It took Charles King and his family just a couple hours to leave their house in New Orleans on Aug. 27, 2005, but they have been struggling for five years since then to find home again.
It was two days before Hurricane Katrina struck the city, and King, 48, his wife Rosalind, 47, and their 14-year-old son managed to flee New Orleans amid bumper to bumper traffic, heading north to Baton Rouge. The family took shelter there, initially staying with relatives and starting what would become a burdensome routine of jumping from one temporary residence to the next.
Two weeks later, the family moved on to Houston, along with tens of thousands of others displaced from the Gulf Coast. During the first few weeks, they spent their days in the Astrodome scrounging for supplies and their nights cramming into a relative’s apartment. They soon found an apartment of their own for two months, after which they moved again to the other side of the city to a building where the rent was covered by a voucher from the federal government.
“It was definitely a struggle. I found a couple of little odd jobs driving trucks, but not much,” King says. “I just wanted to get back home.”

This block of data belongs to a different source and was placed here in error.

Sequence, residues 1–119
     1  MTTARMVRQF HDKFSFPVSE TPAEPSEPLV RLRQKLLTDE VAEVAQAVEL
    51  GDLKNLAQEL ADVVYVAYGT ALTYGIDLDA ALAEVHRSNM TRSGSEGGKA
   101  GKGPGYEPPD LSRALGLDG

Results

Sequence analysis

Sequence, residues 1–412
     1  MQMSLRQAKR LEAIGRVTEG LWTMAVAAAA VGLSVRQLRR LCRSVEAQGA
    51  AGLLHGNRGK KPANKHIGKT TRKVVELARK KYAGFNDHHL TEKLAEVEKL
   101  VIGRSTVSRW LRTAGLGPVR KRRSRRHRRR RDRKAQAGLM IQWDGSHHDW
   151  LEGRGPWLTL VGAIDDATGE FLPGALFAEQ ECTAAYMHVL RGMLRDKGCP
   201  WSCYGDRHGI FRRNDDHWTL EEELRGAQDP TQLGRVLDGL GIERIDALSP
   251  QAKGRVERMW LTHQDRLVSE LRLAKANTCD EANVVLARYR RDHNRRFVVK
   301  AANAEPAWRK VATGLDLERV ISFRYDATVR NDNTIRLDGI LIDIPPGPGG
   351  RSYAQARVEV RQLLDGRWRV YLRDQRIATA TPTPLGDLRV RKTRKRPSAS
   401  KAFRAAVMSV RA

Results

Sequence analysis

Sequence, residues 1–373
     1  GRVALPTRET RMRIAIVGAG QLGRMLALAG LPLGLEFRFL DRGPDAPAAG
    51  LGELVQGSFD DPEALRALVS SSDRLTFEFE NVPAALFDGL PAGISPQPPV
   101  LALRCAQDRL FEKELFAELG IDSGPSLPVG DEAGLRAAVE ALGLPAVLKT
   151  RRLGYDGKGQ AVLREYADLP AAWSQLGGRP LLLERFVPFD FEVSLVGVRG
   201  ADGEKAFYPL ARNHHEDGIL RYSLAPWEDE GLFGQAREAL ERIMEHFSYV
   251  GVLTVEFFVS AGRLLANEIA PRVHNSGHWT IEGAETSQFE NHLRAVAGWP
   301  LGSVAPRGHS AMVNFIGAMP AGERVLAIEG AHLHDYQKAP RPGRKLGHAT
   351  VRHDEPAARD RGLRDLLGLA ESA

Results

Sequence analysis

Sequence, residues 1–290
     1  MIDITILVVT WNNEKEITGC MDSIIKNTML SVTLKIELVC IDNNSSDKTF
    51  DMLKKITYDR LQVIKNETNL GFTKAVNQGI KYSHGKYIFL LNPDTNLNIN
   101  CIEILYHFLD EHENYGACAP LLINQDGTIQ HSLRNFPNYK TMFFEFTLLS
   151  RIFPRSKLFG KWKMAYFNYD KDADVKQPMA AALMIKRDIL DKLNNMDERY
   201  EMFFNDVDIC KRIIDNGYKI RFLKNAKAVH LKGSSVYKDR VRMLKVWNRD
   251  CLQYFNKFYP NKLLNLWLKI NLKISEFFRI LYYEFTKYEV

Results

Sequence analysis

Hurricane Katrina struck land on Aug. 29, 2005, and over the course of 15 hours, caused a massive surge of water from surrounding canals to burst through the levee system and flood the low-lying city. Investigations afterwards found that the levees were not properly designed to protect against such a strong storm, and some were not even completely built when Katrina hit. On top of that, the soil underneath the levees proved to be more unstable than expected and started to sink during the storm, which helped the incoming water push past the levees.
A few weeks later, Hurricane Rita hit, causing even more damage. At the very end of September, a small segment of the city re-opened to businesses and residents, but many of the displaced had to wait months and sometimes even years to gather the resources - and the willpower - to come back.
The year after the storm hit, the population of New Orleans dropped by more than half from 455,188 to a little more than 200,000. Though the city has gradually seen many old residents return along with some newcomers, the population today is still about 100,000 fewer than it was before Katrina.